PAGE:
“I knew that I had four years left to play competitive athletics, and I was certainly there to get my education and prepare myself for life after college. As it turned out, the social aspect ended up coming along with within my teams, so I was able to find a tremendous college balance at Georgian Court. I really enjoyed it. I don’t think I would have done as well in school without sports, and vice versa.”
As DePolo excelled in school and sports, a career in coaching wasn’t the end-goal of her academic efforts. The English major was initially working toward becoming a high school teacher.
“I really think the coaching profession found me more than I found it,” DePolo said. “My commitment was that I wanted my students to have an A-quality teacher, but I eventually realized that the reason I wanted to teach was so I could coach.
“In college I was doing things to coach myself in every sport. I would send videos of my hitting to my brothers and I would send letters to some of the top-25 softball programs to see what kind of things they were doing to make themselves better. I eventually realized that I had just as many coaching books on my shelves as I did English books, so maybe coaching might be something I was interested in.”
One of those books, which was a gift from her high school softball coach, remains in DePolo’s current office at West Point. The book is a basic primer on how to coach softball. Her high school coach once read the book when he was asked to make a transition from coaching baseball to softball.
The book is more symbolic than anything. DePolo knows softball. It’s the collection of life experiences that gives her an edge in the coaching profession.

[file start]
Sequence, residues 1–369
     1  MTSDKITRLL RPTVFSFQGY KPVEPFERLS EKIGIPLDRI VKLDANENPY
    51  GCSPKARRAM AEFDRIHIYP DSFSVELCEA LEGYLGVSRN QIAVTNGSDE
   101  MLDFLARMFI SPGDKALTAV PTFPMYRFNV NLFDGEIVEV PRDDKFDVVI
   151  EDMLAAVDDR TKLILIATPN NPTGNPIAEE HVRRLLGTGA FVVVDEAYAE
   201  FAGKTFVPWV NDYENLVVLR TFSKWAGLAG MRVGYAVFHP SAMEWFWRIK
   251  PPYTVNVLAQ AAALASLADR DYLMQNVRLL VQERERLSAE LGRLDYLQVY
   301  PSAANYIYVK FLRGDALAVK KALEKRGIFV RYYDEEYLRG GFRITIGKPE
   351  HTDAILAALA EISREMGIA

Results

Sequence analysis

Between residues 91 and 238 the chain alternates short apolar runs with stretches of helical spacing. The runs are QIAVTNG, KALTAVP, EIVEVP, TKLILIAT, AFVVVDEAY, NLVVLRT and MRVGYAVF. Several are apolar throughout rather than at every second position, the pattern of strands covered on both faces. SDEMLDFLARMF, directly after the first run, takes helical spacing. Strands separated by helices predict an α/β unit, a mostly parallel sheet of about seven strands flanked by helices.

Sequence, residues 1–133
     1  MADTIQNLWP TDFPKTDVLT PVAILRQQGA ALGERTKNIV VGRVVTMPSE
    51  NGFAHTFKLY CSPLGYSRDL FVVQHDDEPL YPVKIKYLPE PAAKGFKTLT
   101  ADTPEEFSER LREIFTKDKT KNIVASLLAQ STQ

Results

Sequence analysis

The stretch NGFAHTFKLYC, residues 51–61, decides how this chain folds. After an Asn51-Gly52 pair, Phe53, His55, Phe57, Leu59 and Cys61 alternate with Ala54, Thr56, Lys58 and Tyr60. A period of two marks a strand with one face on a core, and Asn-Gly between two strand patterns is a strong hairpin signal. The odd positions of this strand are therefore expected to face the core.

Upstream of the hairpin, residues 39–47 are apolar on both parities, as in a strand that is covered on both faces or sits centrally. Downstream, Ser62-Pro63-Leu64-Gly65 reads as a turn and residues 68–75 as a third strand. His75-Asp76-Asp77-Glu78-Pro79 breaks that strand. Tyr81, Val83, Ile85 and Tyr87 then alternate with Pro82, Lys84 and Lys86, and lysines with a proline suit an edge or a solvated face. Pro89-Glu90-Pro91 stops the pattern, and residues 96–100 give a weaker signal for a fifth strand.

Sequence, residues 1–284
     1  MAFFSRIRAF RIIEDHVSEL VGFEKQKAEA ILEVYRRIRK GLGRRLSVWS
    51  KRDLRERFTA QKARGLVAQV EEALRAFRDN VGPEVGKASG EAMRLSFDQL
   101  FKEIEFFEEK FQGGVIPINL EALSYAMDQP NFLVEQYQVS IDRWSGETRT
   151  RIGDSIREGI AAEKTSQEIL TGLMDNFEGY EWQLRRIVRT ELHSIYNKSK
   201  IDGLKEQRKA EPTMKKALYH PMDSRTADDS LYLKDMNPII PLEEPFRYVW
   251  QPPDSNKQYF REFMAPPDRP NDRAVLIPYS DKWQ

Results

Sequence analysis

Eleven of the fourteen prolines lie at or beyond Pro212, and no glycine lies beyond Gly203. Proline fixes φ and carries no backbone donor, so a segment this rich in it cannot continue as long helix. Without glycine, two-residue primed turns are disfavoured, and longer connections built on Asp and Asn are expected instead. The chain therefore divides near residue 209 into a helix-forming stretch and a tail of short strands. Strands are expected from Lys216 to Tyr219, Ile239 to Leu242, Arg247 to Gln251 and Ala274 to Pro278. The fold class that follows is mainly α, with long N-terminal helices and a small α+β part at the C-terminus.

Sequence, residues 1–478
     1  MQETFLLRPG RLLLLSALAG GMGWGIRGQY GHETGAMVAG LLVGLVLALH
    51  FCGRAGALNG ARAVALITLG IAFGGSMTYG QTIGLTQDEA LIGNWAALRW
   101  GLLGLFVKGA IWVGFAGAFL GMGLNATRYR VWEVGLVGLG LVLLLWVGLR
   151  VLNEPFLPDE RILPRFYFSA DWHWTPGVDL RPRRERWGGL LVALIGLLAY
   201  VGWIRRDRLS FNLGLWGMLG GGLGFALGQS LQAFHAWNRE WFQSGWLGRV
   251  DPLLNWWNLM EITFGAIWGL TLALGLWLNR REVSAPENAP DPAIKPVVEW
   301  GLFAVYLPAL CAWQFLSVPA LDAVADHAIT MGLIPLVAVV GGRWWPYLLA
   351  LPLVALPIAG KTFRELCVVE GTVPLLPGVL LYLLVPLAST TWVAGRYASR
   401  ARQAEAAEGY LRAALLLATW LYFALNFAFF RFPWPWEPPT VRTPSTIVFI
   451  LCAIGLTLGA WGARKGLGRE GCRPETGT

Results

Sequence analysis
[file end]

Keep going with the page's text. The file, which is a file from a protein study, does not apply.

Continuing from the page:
“I would condition for basketball in the morning, go have softball practice in the afternoon and then block off study increments,” DePolo said of her experience at GCU. “At West Point, lives are very structured and balanced, and there’s the idea that each person must play a sport here as part of being an athlete. I was framing my life the same way, and balance was what made me successful. My college experience helped me become the most well-rounded person I could possibly be.”
Rapidly climbing the softball coaching ranks as a graduate assistant at Georgian Court (2004-05) and as an assistant coach at Division III Smith College (2005-06) and Amherst College (2006-07), an unexpected opportunity emerged to join Army’s softball staff as an assistant prior to the 2008 season.
Life had come full circle for DePolo, who had been denied an opportunity to join Army’s softball program less than a decade prior. She named Army’s head coach two years later.
“Life just works in funny ways,” DePolo said. “If you had asked me four years ago if I would be the head coach at Army, I never in my wildest dreams would have thought I’d have that opportunity; and then the success we’ve had, which many thought would have never been be a possibility. It all just keeps me very humble, not looking too far ahead and knowing that the way kind of leads the way.”
Then there’s Rudolph DePolo, the retired Naval commander who rarely misses an Army home softball game. The father who helped drive his daughter to attend Georgian Court is there to keep his daughter focused, humble and driven in her next stage of life.
“His first official day of retirement was my first official day as head coach at Army, so it was a bit poetic,” DePolo says, smiling. “He’s kind of become a coach’s critique in his retirement profession.
“At a young age he really engaged me in the idea of compulsory service and giving back to your country, and really looking beyond yourself with the idea of earning things through hard work. He’s been my biggest influence in what the military stands for. You start at the bottom and you earn your way to the top through experience and hard work.”
Under DePolo, Army softball has reached the top in the minds of many. In four years at the helm DePolo has amassed more than 100 career victories and broken the school record for wins in a season twice with 33 wins in 2010 and 37 wins in 2012. Last year, Army made its first NCAA Tournament appearance in over a decade.
There’s no place DePolo would rather be. And the retired Naval commander is there to remind her of the journey that took her there.
“To me, West Point is what college athletics is supposed to stand for,” DePolo said. “It is very similar to what I had at Georgian Court. It’s not just athletics and it’s not just academics. It’s a balance of everything. This environment has just paralleled with a lot of my beliefs and with the things that are important to me.”